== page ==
Year of Publication
Jon C. Yingling
A just-in-time supply pickup and delivery system (JSS) manages the logistic operations between a manufacturing plant and its suppliers by controlling the sequence, timing, and frequency of container pickups and parts deliveries, thereby coordinating internal conveyance, external conveyance, and the operation of cross-docking facilities. The system is important to just-in-time production lines that maintain small inventories. This research studies the logistics, supply chain, and production control of JSS. First, a new meta-heuristics approach (taboo search) is developed to solve a general frequency routing (GFR) problem that has been formulated in this dissertation with five types of constraints: flow, space, load, time, and heijunka. Also, a formulation for cross-dock routing (CDR) has been created and solved. Second, seven issues concerning the structure of JSS systems that employ the previously studied common frequency routing (CFR) problem (Chuah and Yingling, in press) are explored to understand their impacts on operational costs of the system. Finally, a discreteevent simulation model is developed to study JSS by looking at different types of variations in demand and studying their impacts on the stability of inventory levels in the system. The results show that GFR routes at high frequencies do not have common frequencies in the solution. There are some common frequencies at medium frequencies and none at low frequency, where effectively the problem is simply a vehicle routing problem (VRP) with time windows. CDR is an extension of VRP-type problems that can be solved quickly with meta-heuristic approaches. GFR, CDR, and CFR are practical routing strategies for JSS with taboo search or other types of meta-heuristics as solvers. By comparing GFR and CFR solutions to the same problems, it is shown that the impacts of CFR restrictions on cost are minimal and in many cases so small as to make simplier CFR routes desirable. The studies of JSS structural features on the operating costs of JSS systems under the assumption of CFR routes yielded interesting results. First, when suppliers are clustered, the routes become more efficient at mid-level, but not high or low, frequencies. Second, the cost increases with the number of suppliers. Third, negotiating broad time windows with suppliers is important for cost control in JSS systems. Fourth, an increase or decrease in production volumes uniformly shifts the solutions cost versus frequency curve. Fifth, increased vehicle capacity is important in reducing costs at low and medium frequencies but far less important at high frequencies. Lastly, load distributions among the suppliers are not important determinants of transportation costs as long as the average loads remain the same. Finally, a one-supplier, one-part-source simulation model shows that the systems inventory level tends to be sticky to the reordering level. JSS is very stable, but it requires reliable transportation to perform well. The impact to changes in kanban levels (e.g., as might occur between route planning intervals when production rates are adjusted) is relatively long term with dynamic after-effects on inventory levels that take a long time to dissapate. A gradual change in kanban levels may be introduced, prior to the changeover, to counter this effect.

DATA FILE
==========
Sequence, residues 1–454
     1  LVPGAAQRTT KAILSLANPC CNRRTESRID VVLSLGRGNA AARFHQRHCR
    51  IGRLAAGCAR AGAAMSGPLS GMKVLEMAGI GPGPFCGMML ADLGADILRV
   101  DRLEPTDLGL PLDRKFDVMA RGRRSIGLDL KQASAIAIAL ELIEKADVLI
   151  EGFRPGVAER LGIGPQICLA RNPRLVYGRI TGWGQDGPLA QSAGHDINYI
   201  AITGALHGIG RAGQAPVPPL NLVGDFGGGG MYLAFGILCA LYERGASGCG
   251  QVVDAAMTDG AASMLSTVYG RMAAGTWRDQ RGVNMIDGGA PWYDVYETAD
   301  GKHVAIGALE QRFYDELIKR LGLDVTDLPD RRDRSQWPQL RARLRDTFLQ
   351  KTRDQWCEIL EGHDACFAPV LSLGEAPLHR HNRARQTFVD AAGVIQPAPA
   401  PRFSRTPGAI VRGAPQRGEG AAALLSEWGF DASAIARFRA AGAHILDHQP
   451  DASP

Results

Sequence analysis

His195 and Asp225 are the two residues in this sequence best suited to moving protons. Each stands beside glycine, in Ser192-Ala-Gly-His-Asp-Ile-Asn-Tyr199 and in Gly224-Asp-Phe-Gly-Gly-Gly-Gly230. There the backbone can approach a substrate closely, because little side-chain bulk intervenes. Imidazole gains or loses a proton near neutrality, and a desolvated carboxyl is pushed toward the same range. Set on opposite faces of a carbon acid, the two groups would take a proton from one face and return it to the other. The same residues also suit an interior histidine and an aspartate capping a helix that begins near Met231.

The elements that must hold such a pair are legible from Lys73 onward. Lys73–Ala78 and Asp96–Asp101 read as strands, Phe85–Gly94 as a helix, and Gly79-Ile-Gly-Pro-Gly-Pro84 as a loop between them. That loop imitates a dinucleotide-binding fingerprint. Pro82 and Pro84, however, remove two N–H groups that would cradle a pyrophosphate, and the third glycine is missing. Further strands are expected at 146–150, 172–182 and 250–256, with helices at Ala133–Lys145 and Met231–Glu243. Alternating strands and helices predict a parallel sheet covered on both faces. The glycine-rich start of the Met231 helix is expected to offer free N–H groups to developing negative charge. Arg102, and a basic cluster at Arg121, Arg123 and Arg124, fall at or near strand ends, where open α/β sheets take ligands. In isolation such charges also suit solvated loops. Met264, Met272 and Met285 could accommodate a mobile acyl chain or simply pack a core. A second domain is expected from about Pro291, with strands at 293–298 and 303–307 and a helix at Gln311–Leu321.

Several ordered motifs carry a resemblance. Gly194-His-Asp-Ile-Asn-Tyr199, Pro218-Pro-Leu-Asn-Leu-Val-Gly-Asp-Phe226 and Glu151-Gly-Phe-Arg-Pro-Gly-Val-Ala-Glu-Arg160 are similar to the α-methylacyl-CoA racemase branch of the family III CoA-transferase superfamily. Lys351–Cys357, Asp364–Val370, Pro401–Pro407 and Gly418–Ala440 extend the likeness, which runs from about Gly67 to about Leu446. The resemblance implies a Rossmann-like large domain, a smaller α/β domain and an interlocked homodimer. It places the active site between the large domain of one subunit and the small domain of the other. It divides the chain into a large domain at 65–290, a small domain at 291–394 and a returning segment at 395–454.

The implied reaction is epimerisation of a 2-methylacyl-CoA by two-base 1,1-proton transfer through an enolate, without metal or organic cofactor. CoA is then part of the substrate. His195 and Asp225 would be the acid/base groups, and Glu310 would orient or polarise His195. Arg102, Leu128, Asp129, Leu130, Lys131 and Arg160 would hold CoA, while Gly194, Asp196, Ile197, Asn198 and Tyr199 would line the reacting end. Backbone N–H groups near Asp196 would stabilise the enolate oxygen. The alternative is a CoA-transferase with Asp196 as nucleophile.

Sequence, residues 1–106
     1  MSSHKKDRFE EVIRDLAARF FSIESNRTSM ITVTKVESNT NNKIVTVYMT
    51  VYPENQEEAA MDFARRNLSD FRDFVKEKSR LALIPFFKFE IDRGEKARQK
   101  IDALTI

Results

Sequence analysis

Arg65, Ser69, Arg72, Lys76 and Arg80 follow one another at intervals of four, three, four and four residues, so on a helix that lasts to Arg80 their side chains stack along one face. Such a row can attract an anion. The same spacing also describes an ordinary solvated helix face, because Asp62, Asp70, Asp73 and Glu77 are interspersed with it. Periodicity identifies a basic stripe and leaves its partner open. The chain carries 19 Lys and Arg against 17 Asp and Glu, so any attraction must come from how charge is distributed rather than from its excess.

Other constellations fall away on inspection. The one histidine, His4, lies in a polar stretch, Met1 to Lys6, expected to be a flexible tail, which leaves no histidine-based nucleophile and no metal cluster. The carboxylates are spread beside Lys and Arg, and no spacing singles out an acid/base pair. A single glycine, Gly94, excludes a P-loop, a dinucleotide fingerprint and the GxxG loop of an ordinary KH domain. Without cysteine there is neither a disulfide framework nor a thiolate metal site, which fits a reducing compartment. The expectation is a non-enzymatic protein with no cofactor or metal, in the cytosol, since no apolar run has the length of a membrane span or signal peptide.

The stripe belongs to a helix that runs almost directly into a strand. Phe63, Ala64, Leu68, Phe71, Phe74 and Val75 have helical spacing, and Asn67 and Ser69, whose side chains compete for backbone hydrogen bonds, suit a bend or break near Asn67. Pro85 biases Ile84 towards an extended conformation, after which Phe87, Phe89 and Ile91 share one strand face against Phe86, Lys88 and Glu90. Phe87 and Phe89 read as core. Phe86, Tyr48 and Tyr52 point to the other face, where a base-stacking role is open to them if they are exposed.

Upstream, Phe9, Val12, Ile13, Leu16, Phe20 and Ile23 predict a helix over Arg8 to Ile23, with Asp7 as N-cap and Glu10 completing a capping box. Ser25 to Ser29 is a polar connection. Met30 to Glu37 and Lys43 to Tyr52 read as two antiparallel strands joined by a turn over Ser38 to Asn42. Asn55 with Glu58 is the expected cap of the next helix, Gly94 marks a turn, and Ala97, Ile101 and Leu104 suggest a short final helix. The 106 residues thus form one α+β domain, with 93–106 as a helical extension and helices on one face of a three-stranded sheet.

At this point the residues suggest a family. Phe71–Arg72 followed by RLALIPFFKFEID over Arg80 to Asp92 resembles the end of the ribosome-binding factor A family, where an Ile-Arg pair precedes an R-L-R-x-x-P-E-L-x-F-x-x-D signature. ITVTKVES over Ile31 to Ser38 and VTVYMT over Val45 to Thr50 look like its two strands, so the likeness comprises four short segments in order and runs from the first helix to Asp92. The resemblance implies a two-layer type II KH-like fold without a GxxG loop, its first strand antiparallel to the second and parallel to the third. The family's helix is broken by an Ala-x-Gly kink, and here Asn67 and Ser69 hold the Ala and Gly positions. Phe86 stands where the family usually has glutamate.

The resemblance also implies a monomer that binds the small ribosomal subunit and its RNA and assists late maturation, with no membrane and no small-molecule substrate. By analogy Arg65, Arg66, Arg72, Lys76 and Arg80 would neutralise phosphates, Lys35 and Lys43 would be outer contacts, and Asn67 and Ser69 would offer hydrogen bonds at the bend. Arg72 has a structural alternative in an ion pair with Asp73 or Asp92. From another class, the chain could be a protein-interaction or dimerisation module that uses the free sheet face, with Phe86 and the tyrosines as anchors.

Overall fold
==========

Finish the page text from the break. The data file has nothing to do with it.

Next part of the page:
Chuah, Keng Hoo, "OPTIMIZATION AND SIMULATION OF JUST-IN-TIME SUPPLY PICKUP AND DELIVERY SYSTEMS" (2004). University of Kentucky Doctoral Dissertations. 384.